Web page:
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Writing Workshop

Archive for the tag “Grammar”

Writing Center

good-writing-is-hard-workIf grammar is not your game, and I’m starting to bug you about writing problems such as sentence fragments and passive voice, you might to consider visiting the SJSU Writing Center. Located in Clark Hall, the Writing Center offers one-on-one tutoring, skill-building workshops, and online writing resources. Check them out at:  http://www.sjsu.edu/writingcenter.

If, on the other hand, writing is your game — and your writing, editing and communication skills are pretty darn stellar — you might be interested to know that the Writing Center is planning to hire some new tutors. Here’s the link to the center’s jobs page: http://www.sjsu.edu/writingcenter/jobs.

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New grading strategy

I am still seeing way too many AP style errors, typos and the like in your assignments, so I am modifying my approach to grading.

From now on, I will use the following grading rubric when reviewing your assignments:

  • If you do not follow the directions for the assignment (topic/focus, format, word count, etc.), I will subtract 20 percent.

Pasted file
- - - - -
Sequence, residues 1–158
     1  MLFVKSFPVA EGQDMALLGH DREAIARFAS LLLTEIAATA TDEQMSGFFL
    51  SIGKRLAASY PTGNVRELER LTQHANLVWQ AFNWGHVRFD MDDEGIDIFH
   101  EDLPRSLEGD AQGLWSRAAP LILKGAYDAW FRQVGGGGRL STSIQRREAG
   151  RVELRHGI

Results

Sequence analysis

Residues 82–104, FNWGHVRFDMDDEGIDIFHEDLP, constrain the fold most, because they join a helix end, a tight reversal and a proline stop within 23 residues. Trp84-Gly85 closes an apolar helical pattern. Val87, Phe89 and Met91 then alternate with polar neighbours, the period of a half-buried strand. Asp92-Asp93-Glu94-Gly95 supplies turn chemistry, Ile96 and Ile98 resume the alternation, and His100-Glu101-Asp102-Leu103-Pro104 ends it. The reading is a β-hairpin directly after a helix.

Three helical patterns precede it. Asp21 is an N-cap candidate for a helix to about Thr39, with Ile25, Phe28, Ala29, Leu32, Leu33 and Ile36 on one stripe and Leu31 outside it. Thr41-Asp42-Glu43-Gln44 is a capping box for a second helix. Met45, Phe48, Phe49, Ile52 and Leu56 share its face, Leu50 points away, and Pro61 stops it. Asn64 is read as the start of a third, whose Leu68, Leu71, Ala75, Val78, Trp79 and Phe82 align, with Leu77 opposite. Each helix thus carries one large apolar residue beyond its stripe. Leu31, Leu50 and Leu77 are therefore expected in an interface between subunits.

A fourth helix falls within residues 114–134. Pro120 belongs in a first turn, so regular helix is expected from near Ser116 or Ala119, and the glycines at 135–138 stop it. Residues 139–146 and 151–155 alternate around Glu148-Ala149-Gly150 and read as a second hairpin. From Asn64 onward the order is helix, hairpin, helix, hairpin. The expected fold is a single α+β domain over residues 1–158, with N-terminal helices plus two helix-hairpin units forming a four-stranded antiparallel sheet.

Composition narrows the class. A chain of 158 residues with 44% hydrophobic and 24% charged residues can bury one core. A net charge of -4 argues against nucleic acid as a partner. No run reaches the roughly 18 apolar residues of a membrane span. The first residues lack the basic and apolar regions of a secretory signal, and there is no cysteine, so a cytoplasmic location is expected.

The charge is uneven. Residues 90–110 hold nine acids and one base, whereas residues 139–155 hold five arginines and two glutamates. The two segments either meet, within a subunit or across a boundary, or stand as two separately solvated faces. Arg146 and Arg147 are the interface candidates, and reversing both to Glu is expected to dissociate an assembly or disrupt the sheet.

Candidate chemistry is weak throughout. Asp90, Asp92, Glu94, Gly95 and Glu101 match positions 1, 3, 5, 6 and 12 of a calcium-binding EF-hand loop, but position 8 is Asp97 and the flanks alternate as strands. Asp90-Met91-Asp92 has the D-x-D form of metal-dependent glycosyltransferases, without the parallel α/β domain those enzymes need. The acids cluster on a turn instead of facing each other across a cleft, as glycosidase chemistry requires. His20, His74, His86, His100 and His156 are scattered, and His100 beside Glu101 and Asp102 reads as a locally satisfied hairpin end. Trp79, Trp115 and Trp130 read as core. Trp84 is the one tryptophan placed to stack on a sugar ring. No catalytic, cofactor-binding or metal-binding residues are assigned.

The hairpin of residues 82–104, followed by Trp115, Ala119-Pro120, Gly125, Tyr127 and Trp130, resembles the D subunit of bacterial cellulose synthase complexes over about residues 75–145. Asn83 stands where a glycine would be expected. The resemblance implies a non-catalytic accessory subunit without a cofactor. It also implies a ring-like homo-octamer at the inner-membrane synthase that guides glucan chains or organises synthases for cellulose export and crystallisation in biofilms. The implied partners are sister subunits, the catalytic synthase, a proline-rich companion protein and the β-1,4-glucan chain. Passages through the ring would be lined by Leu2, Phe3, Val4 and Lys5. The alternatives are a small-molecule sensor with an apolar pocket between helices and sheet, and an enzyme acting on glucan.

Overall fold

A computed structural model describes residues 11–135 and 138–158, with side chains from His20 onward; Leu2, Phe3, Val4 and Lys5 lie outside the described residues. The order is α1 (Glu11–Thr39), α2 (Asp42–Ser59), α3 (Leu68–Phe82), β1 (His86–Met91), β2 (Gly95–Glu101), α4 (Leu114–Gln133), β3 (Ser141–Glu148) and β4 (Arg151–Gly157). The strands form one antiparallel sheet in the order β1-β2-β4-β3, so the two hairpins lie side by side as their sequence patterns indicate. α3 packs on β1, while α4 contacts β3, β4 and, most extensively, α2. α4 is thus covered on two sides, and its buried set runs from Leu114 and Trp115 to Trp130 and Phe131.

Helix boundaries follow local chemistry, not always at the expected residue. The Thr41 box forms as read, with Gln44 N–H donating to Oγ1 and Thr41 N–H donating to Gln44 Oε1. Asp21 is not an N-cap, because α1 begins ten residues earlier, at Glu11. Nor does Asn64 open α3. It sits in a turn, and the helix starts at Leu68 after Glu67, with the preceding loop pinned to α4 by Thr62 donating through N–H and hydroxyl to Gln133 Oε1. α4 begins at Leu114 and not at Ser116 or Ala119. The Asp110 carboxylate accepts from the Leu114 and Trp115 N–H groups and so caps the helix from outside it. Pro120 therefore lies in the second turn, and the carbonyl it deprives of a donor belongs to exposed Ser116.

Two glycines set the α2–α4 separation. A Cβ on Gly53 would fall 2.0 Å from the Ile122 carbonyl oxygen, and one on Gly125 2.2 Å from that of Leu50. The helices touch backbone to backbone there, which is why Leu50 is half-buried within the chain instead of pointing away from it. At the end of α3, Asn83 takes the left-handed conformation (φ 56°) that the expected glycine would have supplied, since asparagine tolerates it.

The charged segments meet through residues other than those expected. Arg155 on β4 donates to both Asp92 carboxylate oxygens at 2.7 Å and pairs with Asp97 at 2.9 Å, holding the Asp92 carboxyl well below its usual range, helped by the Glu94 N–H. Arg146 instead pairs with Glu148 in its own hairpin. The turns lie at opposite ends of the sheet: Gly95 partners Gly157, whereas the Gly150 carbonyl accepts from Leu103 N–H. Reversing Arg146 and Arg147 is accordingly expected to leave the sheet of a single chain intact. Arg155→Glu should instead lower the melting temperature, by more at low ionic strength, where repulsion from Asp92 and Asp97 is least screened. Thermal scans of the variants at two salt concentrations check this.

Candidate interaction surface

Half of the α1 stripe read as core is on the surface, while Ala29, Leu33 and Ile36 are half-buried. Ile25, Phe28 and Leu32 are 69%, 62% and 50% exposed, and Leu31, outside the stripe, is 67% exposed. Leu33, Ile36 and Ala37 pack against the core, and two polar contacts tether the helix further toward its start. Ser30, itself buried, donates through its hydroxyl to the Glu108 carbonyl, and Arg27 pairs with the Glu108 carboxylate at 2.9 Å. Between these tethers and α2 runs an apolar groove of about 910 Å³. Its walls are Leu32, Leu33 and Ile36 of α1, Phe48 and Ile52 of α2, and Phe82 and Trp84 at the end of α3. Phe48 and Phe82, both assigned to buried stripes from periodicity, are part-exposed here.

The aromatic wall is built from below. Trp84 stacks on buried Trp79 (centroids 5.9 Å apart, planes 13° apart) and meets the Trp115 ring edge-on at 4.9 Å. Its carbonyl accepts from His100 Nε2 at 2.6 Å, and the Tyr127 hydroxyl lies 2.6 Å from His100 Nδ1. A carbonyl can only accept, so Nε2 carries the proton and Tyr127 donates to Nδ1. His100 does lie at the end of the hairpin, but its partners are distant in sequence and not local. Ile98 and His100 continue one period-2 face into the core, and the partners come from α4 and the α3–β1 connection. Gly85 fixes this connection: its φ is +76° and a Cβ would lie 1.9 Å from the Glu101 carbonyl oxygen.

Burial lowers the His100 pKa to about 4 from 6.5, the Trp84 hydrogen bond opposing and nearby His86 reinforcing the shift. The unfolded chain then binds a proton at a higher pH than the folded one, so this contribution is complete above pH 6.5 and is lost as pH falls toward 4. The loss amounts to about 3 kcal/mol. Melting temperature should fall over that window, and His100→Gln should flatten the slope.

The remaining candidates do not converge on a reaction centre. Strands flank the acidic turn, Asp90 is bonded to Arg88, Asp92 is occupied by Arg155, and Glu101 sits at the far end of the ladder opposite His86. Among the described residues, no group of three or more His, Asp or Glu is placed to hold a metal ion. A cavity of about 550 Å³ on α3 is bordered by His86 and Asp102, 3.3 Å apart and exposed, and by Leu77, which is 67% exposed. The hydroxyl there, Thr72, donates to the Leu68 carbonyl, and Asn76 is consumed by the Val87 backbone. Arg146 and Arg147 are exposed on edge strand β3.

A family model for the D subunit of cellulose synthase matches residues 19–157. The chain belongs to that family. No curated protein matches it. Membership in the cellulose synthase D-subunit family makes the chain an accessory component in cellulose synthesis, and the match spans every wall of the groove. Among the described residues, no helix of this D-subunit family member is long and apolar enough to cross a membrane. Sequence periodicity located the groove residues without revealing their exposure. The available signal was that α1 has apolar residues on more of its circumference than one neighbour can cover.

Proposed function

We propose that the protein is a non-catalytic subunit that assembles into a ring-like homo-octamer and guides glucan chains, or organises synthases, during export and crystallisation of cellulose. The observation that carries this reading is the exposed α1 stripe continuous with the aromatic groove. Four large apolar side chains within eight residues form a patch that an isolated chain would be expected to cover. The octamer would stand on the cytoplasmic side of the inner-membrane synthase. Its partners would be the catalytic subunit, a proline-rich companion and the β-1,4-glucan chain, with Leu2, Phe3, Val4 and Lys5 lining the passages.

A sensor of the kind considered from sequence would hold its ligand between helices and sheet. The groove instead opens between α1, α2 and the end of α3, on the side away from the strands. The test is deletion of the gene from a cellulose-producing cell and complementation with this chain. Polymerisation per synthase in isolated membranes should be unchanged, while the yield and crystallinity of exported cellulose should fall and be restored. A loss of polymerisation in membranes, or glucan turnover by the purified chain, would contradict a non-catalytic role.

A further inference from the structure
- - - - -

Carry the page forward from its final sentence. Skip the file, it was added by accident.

• For each error I find in AP style, spelling, grammar, punctuation, capitalization, abbreviation, etc., I will subtract 10 percent.
  • For major errors — such as starting a lead with “when” or “where” it happened, instead of with “what” or “who” — I will subtract 10 percent.
  • For minor errors (using passive voice, using incorrect quote or attribution format, not using a person’s last name only after the first full reference, etc.), I will subtract five (5) percent per error.
  • For errors of fact (including misspelled names), you will receive a “zero” for the assignment.

If I reach the point where I’ve deducted 40 percent of the grade, I will draw a line on your paper and stop grading. At that point, I will give the paper a grade of 60 percent and hand it back to you for revision. (The only thing that will get you into a deeper “hole” is a fact error, so I suggest you work very hard to avoid them.)

With a good revision, you can earn back up to half of the points you lost. However, you will never do as well with a revision as you would if you’d gotten it right the first time around … so try to get it right!

Earlier this semester, I suggested that instead of forming study groups, you might want to form proofreading groups. I still think this is a good idea.

Plurals and possessives

Several of you are regularly running afoul of plurals and possessives. This is one of those things you need to figure out before you graduate…or you’ll end up embarrassing yourself in the real world.

So if you’re still at a loss as to which is which, please consult the following online grammar resources:

* a self-test exercise on plurals and possessives
* Better English lessons — another self test on plurals and possessives

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